ANAHEIM, Calif. — In his 11th professional summer, Mike Trout hit 45 more home runs, had 137 more hits, scored 110 more runs, turned 28, made $37 million, mourned a friend, endured foot surgery, earned handfuls of MVP votes … and prepared to go home.
In some ways, in how he conducted himself and played the game and dragged a franchise behind him, this summer was as nearly all the others. He’ll turn 29 next summer, his 10th as a major leaguer, and so the summer that qualifies him for future Hall of Fame ballots, having participated in three playoff games, in the same time frame having played for at least three general managers, two field managers and one owner.
The nine major league teams of which he’s been a part will have a .510 winning percentage, plus or minus the coming five games. He will have seen four winning teams. The finest player of his generation, give or take a beery argument, carries 12 postseason at-bats into the second half of a career that promises all of the personal momentum and little of the organizational kind.
On Wednesday evening, two-and-a-half weeks after his season ended, Trout rolled into a media conference on a scooter designed to keep his weight from his right foot. In the time away, he’d seemed to have come to terms with his season ending too soon. These things happen. He shrugged. And it’s not as though his Los Angeles Angels would play for much beyond parking fees and concession sales in the weeks that followed. Still, he said, sitting and healing and watching baseball and clattering around on crutches isn’t really his style.
“It was bothering me,” he said. “But looking at it, and seeing what came out of my foot, it was kinda nasty.”
The surgery — for Morton’s neuroma — removed thickened tissue from his foot, and the best player from the Angels’ lineup. It also potentially tightened the coming American League MVP vote, held likely to separate Trout from Houston Astros third baseman Alex Bregman, or Bregman from Trout. The fourth-year player who has hit 40 home runs and posted a 1.009 OPS, Bregman finished three places behind runner-up Trout in last year’s vote (Mookie Betts won in a landslide). On Wednesday night in Seattle, Bregman played his 152nd game, 18 more than Trout, with still four games -- in Anaheim -- remaining. Bregman has used Trout’s absence to close the gap in WAR and other metrics that seem to weigh heavy on many ballots. And, of course, help the Astros clinch their third consecutive AL West title. In 14 games since Trout’s surgery, Bregman has batted .268 with a 1.186 OPS, a .455 on-base percentage and six home runs.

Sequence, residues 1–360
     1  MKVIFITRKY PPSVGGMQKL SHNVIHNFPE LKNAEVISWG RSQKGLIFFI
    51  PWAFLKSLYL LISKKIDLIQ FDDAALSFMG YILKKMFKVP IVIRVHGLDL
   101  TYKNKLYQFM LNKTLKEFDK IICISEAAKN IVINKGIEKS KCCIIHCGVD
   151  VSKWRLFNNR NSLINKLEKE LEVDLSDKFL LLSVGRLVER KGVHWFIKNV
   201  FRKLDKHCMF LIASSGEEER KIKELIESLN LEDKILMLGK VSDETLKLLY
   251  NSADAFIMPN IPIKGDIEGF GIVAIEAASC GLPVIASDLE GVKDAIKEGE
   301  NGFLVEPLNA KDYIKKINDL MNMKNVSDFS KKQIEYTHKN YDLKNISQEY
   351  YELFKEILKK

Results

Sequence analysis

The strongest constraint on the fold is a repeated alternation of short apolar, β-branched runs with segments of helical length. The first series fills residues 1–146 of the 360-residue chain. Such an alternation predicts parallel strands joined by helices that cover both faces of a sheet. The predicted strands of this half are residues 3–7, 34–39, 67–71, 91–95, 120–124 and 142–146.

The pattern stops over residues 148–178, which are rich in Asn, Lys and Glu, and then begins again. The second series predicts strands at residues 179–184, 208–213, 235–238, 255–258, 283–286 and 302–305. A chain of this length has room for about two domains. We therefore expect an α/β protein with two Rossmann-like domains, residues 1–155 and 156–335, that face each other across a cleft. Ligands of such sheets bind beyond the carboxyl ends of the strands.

In his seven previous full seasons, Trout was twice voted the league’s MVP and four times finished second. In the other, he was fourth. He will be first or second again.
“I come in all the time, every year, to try to be the best player in the league, best player on the field at all times,” he said. “And obviously, if you’re finishing in the top three, you’re doing something. Obviously you want to be No. 1. But that’s my mindset coming into every year.”
Trout and Bregman have become friendly enough to belong to the same fantasy football league. If there is a hint to be gained from that, Bregman’s squad beat Trout’s last week.
“Barely,” Trout pointed out.
“You can ask any of my teammates — I follow baseball all the time,” he said. “I’m like a baseball nerd, I guess. I’m obviously following him. There’s a lot of guys that I follow. Bregman’s a great dude … I’m happy for him, he’s having an unbelievable season, and it’s always a battle when we go up against him.
“I feel like this is my best year yet. It obviously sucks I’m not playing the last few weeks. But I follow Bregman all the time, and I see what he’s doing, and I’m happy for him, he’s having a great year.”
That he’d choose 2019 as his best season from among plenty similar to it points, perhaps, to career highs in home runs and slugging, to the usual filling of box scores on most nights, and to what he called, “Just offensively, in the box, it’s the best I’ve felt. Just squaring up baseballs. Just making adjustments quicker and just barreling up a lot of my balls.”
But, also, to his production and the team’s resilience through the heartache of teammate Tyler Skaggs’ death on July 1. The season continued. Through tears and memories both painful and pleasant, through long hard farewells, the Angels, all of them, reported for work and did what they could to endure what was next. His uniform still hangs among theirs. His picture is on the outfield wall. At its worst, a couple dozen men looked to Trout and their soft-spoken teammate, unused to a vocal leadership role, stepped to the fore.
“It was obviously a tough year for the whole club, the whole team,” he said. “Losing ... Tyler was tough. Obviously all the guys know in there that if they have any questions or think of anything, they can come to me. I talk to everybody. Even the young guys ask me a bunch of questions, and I tell them what I think. When Tyler passed, it was a time for me to step up and take that role. I think in the past, I just kind of went out there and played, and let my game talk for itself. But I think when the team needed me, and the guys who came up and talked, I think that was big for us.
“I think Tyler would want that. And the team needed it. We were going through — I wouldn’t wish that on anybody, but we were going through some tough times, obviously you guys know, and I felt like the team needed it, and I felt like I had to get up there and talk.”
So closed his summer. His fall. Hopelessly behind in the AL West. On a scooter. Having done his best. Again. He did his best. And then the season ended.
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